15th L'Union — set up by Pissarro and Alfred Meyer (a minor painter and part-time dealer) as an alternative group to the Impressionists - holds an exhibition at the Grand Hotel in the boulevard des Capucines. It is a complete failure, Cezanne, Guillaumin and Pissarro having decided to leave the group shortly before the opening of the exhibition.


Berthe Morisot rents an apartment for painting in Paris, near L'Etoile, in order to free herself from the family environment.

A photograph of Berthe Morisot, taken around 1877

19th Manet asks Albert Wolff, the art critic of Le Figaro, to support a sale of paintings that the Impressionists are planning to hold at the Hotel Drouot by writing a favourable preview.

Gauguin moves to 74 rue des Fourneaux. Influenced by his landlord, the sculptor Bouillot, he begins to sculpt and produces a bust of his wife Mette.
Cezanne stays with Pissarro at Pontoise.

4th The third Impressionist exhibition opens in an apartment at 6 rue Le Peletier, near Durand-Ruel's gallery.



The front page of the first edition of the journal L'Impressionniste, which appeared weekly and ran to four issues during the third Impressionist exhibition.

The first issue contained a letter to the editor of Le Figaro, attacking the paper's art critic Albert Wolff for his venomous opposition to the movement.

Publication of the first issue of L'Impressionniste, journal d'art - a weekly journal edited by 22-year-old Georges Riviere, a friend of Renoir's who features in his painting Dancing at the Moulin de la Galetk. (The journal appeared regularly throughout the exhibition. Renoir, who had actively supported the idea from the first, was one of the contributors.)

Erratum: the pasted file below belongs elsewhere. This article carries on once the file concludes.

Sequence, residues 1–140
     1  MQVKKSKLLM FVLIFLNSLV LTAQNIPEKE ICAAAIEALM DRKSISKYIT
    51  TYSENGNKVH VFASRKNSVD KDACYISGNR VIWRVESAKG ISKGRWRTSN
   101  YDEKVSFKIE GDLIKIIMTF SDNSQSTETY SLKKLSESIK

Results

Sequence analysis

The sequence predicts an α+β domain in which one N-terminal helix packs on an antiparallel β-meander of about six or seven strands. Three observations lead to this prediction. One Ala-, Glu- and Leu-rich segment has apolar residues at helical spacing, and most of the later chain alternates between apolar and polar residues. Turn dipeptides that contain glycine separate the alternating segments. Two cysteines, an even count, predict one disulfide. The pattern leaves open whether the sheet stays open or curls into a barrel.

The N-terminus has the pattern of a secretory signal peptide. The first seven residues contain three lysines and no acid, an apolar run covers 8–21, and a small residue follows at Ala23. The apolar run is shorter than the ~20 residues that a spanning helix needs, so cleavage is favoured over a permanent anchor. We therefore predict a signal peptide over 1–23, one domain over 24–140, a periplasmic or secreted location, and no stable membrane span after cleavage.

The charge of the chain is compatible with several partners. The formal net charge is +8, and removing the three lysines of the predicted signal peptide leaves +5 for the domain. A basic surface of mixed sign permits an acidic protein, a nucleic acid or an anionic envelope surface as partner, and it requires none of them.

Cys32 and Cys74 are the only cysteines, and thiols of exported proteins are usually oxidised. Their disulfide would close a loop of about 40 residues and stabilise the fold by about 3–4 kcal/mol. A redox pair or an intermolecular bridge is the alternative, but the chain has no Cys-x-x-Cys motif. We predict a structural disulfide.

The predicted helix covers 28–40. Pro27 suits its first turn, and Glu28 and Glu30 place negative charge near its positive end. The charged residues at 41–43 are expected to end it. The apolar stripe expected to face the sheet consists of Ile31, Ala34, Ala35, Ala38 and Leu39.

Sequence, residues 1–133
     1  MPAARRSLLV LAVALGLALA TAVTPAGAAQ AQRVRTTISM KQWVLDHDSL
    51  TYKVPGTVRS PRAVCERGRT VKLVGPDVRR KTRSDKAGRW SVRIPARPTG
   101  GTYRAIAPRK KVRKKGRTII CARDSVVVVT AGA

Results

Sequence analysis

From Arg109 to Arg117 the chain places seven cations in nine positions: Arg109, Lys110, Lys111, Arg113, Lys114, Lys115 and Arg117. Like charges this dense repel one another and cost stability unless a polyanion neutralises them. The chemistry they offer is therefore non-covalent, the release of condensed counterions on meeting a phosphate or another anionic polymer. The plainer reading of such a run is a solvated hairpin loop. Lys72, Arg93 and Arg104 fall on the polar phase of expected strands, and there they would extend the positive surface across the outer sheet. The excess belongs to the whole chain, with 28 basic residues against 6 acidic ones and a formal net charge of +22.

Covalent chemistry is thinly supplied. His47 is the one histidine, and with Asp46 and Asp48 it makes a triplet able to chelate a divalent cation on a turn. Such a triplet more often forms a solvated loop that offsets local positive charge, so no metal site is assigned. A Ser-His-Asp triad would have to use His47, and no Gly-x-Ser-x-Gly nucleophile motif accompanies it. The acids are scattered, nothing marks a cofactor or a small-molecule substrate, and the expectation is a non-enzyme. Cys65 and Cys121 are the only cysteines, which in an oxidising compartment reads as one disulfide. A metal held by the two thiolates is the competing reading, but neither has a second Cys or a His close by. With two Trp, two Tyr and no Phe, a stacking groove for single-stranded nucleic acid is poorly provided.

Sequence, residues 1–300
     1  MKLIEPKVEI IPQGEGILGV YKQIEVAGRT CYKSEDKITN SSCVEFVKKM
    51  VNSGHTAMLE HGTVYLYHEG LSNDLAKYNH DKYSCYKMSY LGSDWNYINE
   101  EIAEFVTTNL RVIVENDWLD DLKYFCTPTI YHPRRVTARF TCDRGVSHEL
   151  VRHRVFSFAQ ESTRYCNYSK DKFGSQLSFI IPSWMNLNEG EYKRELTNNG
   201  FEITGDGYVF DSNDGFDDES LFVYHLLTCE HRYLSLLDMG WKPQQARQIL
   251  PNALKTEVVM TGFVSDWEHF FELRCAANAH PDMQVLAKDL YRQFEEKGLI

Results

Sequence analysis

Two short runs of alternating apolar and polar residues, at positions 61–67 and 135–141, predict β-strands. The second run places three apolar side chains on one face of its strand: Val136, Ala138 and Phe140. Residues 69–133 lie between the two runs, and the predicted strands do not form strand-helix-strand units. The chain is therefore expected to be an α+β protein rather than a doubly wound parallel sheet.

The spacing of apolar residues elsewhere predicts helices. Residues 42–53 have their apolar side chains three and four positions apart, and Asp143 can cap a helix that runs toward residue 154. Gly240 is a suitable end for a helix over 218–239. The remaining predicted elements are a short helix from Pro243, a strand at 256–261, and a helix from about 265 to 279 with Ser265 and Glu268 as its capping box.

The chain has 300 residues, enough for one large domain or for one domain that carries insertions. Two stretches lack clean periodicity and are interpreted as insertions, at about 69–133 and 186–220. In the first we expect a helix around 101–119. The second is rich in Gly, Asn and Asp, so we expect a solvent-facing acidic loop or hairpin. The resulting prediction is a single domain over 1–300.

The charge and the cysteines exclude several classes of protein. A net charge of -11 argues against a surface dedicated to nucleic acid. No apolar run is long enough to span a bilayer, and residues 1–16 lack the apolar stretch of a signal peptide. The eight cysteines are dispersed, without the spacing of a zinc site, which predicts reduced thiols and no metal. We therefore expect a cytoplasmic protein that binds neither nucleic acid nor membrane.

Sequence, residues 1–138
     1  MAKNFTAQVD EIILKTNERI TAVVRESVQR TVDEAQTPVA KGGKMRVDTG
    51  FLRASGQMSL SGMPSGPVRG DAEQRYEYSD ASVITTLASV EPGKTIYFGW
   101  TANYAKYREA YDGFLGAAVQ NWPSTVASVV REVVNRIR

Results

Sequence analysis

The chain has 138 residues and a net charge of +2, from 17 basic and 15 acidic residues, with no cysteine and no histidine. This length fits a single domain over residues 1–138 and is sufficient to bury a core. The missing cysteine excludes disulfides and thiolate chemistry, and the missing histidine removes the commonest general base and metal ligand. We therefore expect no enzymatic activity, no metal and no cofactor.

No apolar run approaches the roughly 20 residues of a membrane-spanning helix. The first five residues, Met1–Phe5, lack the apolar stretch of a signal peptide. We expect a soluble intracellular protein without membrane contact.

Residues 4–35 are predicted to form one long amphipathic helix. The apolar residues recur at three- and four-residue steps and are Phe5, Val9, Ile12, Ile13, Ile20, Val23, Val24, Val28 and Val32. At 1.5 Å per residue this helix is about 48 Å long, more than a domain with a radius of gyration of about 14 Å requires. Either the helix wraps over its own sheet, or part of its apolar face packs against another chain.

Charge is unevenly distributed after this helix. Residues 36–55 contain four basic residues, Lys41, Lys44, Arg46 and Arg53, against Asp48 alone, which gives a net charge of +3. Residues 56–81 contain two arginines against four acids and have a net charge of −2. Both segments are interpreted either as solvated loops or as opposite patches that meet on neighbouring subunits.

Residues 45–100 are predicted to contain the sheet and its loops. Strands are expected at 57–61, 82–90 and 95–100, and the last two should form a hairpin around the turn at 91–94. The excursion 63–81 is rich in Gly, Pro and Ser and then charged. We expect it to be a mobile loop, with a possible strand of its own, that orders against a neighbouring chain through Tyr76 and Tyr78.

1st Opening of the Salon.

Manet's Fame in the Role of Hamlet is accepted, but the jury rejects his Nana on the grounds of impropriety — as its subject is the prostitute in Zola's novel L'Assommoir, which is currently the talk of Paris. The painting is also criticized for its loose technique and garish colours. All Mary Cassatt's submissions are rejected.


The title suggests that this painting was an illustration for Zola's novel of the same name, but this had in fact yet to be written. The character Nana does, however, appear towards the end of Zola's L'Assommoir of 1877: 'Since the morning, she had spent hours in her chemise before the bit of looking glass hanging above the bureau.' This is a young, fresh Nana, at the beginning of her career and the model for the painting was Henriette Hauser, a young actress who was the mistress of the Prince of Orange.

10th Manet's Nana is exhibited in the window of Giroux's, a fashionable millinery shop in the boulevard des Capucines.

19th Van Gogh begins to study for the ministry in Amsterdam.

21st Degas, deeply depressed, writes to the wife of Giuseppe de Nittis: 'To live alone without a family is too hard. I never thought that I would suffer so much. Here I am, getting old, and almost penniless. I have organized my life in this world very badly.'

28th The sale at the Hotel Drouot, organized by Renoir, is financially disappointing.
Renoir's fifteen paintings fetch a total of 2005 francs; Pissarro's go for 50 to 260 francs each, and Sisley's for 105 to 165 francs.